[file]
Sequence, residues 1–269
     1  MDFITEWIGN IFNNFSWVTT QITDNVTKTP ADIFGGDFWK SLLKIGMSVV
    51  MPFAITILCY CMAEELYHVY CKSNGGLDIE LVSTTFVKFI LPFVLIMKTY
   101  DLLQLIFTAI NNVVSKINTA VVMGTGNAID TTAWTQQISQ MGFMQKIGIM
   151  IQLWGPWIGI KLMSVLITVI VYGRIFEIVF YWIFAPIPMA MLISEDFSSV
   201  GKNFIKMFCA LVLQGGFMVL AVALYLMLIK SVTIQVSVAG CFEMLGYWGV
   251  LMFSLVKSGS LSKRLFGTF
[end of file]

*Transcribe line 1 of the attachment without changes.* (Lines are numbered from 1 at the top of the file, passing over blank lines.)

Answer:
Sequence, residues 1–269